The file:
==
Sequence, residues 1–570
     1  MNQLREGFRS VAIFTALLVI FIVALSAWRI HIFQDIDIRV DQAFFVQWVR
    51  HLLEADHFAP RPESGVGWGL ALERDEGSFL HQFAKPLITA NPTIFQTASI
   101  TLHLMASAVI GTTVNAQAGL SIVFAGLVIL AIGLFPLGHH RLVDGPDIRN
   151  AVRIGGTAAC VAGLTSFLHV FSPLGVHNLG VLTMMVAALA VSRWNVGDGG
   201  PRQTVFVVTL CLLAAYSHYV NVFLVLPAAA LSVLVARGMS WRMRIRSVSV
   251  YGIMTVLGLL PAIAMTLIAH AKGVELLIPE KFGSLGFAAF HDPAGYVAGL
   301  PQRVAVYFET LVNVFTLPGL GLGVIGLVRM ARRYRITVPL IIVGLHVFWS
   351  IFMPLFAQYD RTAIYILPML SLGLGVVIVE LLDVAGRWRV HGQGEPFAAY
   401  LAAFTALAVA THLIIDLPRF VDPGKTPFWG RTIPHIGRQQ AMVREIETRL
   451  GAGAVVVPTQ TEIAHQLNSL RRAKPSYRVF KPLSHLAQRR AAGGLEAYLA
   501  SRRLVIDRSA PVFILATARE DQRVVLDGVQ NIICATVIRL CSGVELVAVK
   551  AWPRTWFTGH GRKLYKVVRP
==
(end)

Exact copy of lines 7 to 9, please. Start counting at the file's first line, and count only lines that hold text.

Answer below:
   251  YGIMTVLGLL PAIAMTLIAH AKGVELLIPE KFGSLGFAAF HDPAGYVAGL
   301  PQRVAVYFET LVNVFTLPGL GLGVIGLVRM ARRYRITVPL IIVGLHVFWS
   351  IFMPLFAQYD RTAIYILPML SLGLGVVIVE LLDVAGRWRV HGQGEPFAAY